I had my own set of expectations a few weeks ago, when I decided on short notice (almost on a whim, actually) to attend the annual conference of an organisation called Families in Global Transition (FIGT). I had come across FIGT when I was doing research on cross-cultural transitions and had heard about their conference before, but had been hesitant to fly across the Atlantic just to attend a two-day event. Whatever it was that tipped the balance this time, I am grateful it did.
Before the conference, I was intrigued, as I was going there for the first time. I was looking forward to learning new things and meeting new people. I was hoping to get some inspiration for my work.
I was not expecting to find my tribe.
As soon as I entered the venue where the welcome drinks were taking place on the eve of the conference, I knew that this would be unlike any other conference I had attended before. I felt a vibe. Immediately, I felt welcome and at ease (how shocking is that for an introvert). I thought it must be the effect of the jet lag, but the feeling did not seem to go away.
How did that happen? Everyone I met was friendly, open and unpretentiously warm – despite some impressive credentials. I was talking to like-minded people who seemed engaged and genuinely interested. But it was more than that. Talking about what I do and why, sharing who I am felt natural and uncomplicated. I did not need to explain much. They understood. They were in the same place. Listening to what everyone had to say was stimulating, energizing and, at times, humbling. I felt creative and inspired. I felt embraced. There were moments when I was deeply moved.

I was not the only one feeling that way. There was an amazing sense of solidarity in the air – even among people who hardly knew each other; a sort of convergence of spirits. When it was time to leave, I caught myself feeling not only exhilarated, but also a bit sad – as if I was leaving behind dear friends or family. I realized then that I had found my community. I don’t know many conferences that can do that to you.
On my first day at FIGT, I was impressed when I heard the keynote speaker, famous writer and “global soul” Pico Iyer, say that the first time he attended this conference, he
felt like he had come home. By the time I left, almost 48 hours later, I knew exactly what he meant.

Leaving the Zone

 

I have a confession to make. I have been indulging myself. I have been allowing myself to hide from the world.
Since we moved here at the end of last summer, I have been busy unpacking and setting up house, figuring how to get to places and how to get things done, and making sure everyone in the family is settled and happy. That hardly leaves any time for a social life, doesn’t it? So I felt that it is normal that I have not been able to go out and meet people, join clubs or be part of the PTA. Instead of feeling frustrated by this, I have been enjoying the solitude, my family, my writing. I have been relishing the quiet evenings and weekends. I have been convincing myself that this time alone is exactly what I need to recharge my batteries and get settled after the move. I don’t need to meet new people right away. I don’t need to reach out.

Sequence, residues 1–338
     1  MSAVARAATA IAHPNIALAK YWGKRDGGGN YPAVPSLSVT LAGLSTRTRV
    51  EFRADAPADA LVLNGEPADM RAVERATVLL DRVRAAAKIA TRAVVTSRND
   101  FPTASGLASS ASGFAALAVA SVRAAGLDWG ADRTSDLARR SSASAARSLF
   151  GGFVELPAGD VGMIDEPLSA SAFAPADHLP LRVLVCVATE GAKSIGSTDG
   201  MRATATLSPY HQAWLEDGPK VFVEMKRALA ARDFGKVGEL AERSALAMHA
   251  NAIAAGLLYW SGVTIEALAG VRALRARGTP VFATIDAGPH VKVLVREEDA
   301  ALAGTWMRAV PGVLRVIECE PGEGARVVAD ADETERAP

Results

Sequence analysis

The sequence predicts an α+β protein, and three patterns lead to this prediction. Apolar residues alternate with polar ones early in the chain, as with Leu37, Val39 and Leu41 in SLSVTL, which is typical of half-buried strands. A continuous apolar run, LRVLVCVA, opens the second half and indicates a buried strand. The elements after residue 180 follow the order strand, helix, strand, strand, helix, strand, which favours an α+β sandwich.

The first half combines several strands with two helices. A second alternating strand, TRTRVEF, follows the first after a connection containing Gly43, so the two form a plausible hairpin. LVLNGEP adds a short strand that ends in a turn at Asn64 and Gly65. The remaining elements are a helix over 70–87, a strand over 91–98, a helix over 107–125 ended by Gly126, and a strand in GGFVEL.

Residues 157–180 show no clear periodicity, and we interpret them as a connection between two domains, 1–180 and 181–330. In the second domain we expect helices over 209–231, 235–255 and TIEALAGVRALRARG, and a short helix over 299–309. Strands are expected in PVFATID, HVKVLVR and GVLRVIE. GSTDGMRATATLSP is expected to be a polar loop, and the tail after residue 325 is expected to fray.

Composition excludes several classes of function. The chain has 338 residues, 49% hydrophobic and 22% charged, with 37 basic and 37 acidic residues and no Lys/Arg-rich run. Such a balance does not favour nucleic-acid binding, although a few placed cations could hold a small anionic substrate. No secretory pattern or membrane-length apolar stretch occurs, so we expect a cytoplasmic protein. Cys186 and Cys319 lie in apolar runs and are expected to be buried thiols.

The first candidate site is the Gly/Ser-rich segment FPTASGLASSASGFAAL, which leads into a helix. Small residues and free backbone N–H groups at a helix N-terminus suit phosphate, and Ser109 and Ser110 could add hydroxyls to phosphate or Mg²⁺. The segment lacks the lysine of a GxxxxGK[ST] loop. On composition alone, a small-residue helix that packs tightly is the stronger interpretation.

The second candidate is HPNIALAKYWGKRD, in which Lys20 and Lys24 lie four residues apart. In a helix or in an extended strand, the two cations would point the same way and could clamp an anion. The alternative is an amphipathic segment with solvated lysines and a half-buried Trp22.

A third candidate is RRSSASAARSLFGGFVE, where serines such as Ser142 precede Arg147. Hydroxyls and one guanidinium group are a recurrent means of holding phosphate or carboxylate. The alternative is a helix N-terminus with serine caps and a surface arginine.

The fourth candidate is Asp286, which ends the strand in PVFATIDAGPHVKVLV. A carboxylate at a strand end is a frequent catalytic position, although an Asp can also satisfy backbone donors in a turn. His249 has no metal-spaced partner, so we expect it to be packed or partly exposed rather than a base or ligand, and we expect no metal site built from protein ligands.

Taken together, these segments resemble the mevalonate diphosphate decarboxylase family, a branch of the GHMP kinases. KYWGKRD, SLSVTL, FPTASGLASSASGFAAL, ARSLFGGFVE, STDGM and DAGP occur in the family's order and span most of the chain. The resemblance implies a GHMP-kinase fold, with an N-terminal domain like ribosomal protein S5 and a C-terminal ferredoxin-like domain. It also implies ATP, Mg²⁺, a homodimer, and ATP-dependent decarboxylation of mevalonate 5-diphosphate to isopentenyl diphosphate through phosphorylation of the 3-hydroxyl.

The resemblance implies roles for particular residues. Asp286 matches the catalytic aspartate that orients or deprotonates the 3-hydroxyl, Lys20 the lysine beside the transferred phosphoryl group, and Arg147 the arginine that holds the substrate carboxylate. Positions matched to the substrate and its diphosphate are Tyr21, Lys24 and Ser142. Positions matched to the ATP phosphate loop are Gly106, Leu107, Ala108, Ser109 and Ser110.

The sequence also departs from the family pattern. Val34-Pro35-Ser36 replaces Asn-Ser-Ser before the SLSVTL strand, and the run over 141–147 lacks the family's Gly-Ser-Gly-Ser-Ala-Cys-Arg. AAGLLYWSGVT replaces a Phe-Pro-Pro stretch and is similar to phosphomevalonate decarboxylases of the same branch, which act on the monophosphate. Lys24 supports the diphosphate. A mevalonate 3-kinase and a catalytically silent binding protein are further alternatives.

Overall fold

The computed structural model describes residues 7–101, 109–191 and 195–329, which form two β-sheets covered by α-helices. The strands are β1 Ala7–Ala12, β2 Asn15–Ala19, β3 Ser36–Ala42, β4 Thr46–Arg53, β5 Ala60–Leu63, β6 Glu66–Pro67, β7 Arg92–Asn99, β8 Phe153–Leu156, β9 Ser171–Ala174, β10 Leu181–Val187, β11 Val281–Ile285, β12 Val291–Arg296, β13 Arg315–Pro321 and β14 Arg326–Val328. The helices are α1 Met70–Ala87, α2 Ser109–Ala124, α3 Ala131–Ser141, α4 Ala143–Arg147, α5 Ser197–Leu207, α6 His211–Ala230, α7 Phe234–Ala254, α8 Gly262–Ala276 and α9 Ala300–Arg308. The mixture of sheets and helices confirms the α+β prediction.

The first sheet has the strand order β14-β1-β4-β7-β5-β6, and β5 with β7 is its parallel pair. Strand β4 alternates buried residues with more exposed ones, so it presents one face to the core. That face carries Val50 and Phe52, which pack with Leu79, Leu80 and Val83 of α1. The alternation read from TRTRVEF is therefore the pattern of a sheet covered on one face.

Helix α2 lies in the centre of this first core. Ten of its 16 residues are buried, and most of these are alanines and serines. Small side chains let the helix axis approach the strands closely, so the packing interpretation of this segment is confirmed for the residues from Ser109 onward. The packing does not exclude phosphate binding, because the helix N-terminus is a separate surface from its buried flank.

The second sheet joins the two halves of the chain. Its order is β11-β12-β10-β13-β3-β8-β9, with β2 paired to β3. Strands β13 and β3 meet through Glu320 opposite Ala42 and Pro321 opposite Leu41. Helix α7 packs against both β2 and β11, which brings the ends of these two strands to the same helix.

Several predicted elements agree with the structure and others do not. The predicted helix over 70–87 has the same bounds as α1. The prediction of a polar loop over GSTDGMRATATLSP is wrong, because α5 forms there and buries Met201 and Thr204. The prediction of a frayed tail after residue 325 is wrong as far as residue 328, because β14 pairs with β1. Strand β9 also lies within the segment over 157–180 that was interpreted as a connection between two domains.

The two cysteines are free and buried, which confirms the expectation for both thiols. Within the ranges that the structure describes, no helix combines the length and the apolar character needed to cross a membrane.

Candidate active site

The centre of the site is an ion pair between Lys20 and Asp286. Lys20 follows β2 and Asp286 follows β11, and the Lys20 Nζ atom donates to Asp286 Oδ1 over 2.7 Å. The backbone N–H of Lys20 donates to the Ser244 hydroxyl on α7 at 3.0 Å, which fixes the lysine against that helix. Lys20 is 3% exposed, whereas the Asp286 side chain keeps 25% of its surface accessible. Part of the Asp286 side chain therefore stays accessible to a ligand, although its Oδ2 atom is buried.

I may have gone a bit too far. I have used my newcomer identity as an excuse for being asocial.
Everyone I have talked to about relocating, every book and every article I have read gives the same advice: if you want to make a speedy and smooth adjustment, one of the first things you need to do is get out. You need to meet people and you need to do it
early on.
I resolved that this rule does not apply to me and moved on.
The truth is that I have been too reluctant and too scared to venture out of my comfortable new shell. Scoring substantially high on the introversion scale, let’s just say that I am not a
networking natural. Going out with the explicit goal of meeting new people is intimidating, to say the least. So I allowed myself to be lazy. I was content with the few people I happened to know here from the beginning and did not feel that I needed to expand the circle – at least not any time soon. I was happy to stay in my comfort zone. I had the perfect excuse: I was a newcomer, a foreigner.
Except that this excuse is only valid for a limited time. How long is one considered a newcomer? Wouldn’t seven months be pushing it a little? When someone asked me the other day, I was shocked to hear myself reply that we have been here for more than half a year. I still have the same six friends that I had back in September. I still don’t have an emergency contact on my children’s school forms.
Some of us are disciplined enough to do the right thing at the right time. Some of us – that would include me – need action-forcing events. Recently, I got one of those. Clearly, it’s time to leave that delightfully cosy comfort zone of mine. I’m a bit nervous, but I
hear that, if you put in the hours, you eventually become pretty good at it.
Do you find it easy or challenging to create a social circle when you move to a new place?